In Komanda, the bus pulled over unexpectedly at 4:45pm, and the driver said something to us in Swahili. I turned to my interpreter and found out that the bus was not going any further that day, so we had to spend the night in Komanda. Splendid. Apparently 7km up the road was the bridge across the Ituri River. However, earlier in the year an overloaded truck collapsed the bridge, which meant the only way across was on wooden rafts and ferries that are hand-pulled across the river. Those rafts stopped working at 5pm, and the bus would never make it in time.

We were welcome to sleep on the bus, though that was the last thing I wanted to do. Sitting in the darn thing was uncomfortable enough. Luckily, not far from where the bus stopped was a restaurant (see my review of Restaurant Taux du Jour), and the owner had rooms to sleep in. I'm not sure what the other passengers did (there was another hotel in town, though it was a dump even for Congo standards), but my interpreter and I had a good nights sleep and didn't see any other passengers where we slept.

The bus was supposed to depart at 6:00am the next morning. Amazingly, we left at 6:15am. Ten minutes later we were at the Ituri River, in a queue to cross the river. The process was simple: all the people get off the bus and cross the river on a raft, the goods are unloaded and floated across on another raft, the bus is then floated across on another raft, and then the goods are loaded back on the bus, followed by the people. I figured it would take an hour. Four hours later, as I sat in the bus writing in my journal, I realized we wouldn't be leaving anytime soon as the men outside seemed perplexed as to how they were going to fit everything back in the bus. Somehow, though, they got their act together and we were on our way at 11:30am...five hours after we arrived at the crossing.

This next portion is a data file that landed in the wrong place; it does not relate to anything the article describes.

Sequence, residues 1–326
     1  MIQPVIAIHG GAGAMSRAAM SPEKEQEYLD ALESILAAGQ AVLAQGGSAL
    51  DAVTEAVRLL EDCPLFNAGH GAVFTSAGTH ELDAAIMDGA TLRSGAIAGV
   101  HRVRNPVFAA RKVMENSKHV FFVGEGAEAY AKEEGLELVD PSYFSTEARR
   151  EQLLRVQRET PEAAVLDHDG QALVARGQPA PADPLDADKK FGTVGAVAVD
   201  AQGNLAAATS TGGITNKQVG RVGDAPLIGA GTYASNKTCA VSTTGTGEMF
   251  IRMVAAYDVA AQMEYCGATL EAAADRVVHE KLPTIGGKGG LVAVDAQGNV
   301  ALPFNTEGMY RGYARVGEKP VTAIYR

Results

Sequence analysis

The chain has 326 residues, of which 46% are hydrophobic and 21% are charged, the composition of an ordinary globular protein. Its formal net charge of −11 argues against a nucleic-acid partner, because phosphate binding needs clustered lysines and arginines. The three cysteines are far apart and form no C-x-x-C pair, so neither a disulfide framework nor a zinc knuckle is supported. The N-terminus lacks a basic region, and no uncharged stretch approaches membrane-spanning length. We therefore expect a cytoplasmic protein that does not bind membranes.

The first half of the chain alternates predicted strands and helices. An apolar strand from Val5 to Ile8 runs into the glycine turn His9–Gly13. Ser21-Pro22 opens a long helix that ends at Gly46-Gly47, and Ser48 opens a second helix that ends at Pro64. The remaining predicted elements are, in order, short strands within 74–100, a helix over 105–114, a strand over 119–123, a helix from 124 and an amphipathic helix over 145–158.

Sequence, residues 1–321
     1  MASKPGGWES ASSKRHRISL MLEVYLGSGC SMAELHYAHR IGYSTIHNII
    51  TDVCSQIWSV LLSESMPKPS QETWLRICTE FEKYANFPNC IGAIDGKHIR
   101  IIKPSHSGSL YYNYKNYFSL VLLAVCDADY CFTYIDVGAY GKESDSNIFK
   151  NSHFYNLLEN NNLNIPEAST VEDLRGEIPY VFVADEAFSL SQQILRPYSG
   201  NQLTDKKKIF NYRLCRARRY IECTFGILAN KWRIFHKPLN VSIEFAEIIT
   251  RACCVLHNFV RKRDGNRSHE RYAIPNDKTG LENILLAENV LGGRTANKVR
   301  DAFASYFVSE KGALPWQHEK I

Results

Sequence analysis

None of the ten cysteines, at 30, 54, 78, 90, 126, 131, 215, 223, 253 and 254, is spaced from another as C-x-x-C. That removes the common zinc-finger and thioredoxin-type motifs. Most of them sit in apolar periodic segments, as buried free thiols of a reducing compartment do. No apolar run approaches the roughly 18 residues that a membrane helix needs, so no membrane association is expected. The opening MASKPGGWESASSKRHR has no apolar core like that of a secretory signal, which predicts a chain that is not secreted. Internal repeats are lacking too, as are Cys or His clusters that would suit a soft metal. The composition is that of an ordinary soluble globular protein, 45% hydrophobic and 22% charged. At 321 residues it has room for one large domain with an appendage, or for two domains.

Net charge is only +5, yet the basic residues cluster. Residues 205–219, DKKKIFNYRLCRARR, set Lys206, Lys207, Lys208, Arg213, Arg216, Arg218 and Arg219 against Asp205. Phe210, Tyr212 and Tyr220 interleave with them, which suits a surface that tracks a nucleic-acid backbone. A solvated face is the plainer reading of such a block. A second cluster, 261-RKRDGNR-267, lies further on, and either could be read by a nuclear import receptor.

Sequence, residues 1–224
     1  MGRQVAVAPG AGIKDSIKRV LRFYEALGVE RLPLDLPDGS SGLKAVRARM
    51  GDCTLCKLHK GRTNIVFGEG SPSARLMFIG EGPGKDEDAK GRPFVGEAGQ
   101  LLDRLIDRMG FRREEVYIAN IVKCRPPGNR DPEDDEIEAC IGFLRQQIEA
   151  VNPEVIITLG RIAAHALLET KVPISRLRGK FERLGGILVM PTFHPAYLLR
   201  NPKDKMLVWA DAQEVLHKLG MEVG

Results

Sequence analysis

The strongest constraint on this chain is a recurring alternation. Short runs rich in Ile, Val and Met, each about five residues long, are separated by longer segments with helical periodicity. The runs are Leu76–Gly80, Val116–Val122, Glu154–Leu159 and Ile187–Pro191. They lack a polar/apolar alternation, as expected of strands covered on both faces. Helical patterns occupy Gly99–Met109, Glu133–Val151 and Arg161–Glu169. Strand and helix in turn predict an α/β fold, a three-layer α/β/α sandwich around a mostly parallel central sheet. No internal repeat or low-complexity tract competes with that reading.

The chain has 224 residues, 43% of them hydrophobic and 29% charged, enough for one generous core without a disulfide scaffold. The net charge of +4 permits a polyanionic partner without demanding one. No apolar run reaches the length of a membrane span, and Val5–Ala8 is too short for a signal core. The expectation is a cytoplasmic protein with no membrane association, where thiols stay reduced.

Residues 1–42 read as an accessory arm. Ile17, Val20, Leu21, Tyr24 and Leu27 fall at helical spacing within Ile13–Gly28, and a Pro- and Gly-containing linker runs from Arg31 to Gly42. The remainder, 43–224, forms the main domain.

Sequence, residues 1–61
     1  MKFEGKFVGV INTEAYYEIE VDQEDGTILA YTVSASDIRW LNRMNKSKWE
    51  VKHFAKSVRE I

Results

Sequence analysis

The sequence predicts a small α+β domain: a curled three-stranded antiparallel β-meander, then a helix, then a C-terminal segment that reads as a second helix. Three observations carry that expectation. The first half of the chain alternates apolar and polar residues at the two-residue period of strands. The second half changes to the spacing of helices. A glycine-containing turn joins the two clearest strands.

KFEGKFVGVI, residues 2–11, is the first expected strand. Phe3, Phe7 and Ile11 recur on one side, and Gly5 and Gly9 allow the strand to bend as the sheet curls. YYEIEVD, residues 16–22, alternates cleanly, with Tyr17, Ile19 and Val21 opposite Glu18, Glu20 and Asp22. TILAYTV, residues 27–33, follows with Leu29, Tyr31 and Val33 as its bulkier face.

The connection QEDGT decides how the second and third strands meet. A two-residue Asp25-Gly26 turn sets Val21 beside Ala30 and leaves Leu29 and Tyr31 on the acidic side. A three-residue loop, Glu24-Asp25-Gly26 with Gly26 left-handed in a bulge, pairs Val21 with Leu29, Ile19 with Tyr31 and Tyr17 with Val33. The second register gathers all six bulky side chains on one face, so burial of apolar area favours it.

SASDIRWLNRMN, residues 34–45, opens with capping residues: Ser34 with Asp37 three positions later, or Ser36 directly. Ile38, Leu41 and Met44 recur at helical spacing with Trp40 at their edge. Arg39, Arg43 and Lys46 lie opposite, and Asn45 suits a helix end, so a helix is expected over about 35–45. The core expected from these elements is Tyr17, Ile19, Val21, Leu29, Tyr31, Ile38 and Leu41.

The next four hours were relatively easy. The road is dirt, but flat and smoothe. We hardly had any police checkpoints, and only had one extended stop in Mambasa. The scenery changed to more forest and jungle surroundings, and we soon reached the entrance to the Okapi Reserve. Epulu, though, was another hour or two down the road, deep inside the reserve. It's called the Pan-African Highway, though by American standards it would be better called a bad, rough, terrible, dirt path.

At 3:30pm we reached Epulu. The bus dropped us off right at the gate where I was supposed to go, and then it continued on it's way after the driver checked-in with the park rangers.

While we waited at the river crossing near Komanda, we asked the driver when he would be returning to Beni through Epulu. He said "Sunday", which was two days too late for us. It didn't matter what he said, though. I feel like I will never want to take that bus again, if I ever had to. But, I must say it was a really awesome experience, and I have a bunch more stories to tell from my trip because of it. Plus, it was only $25.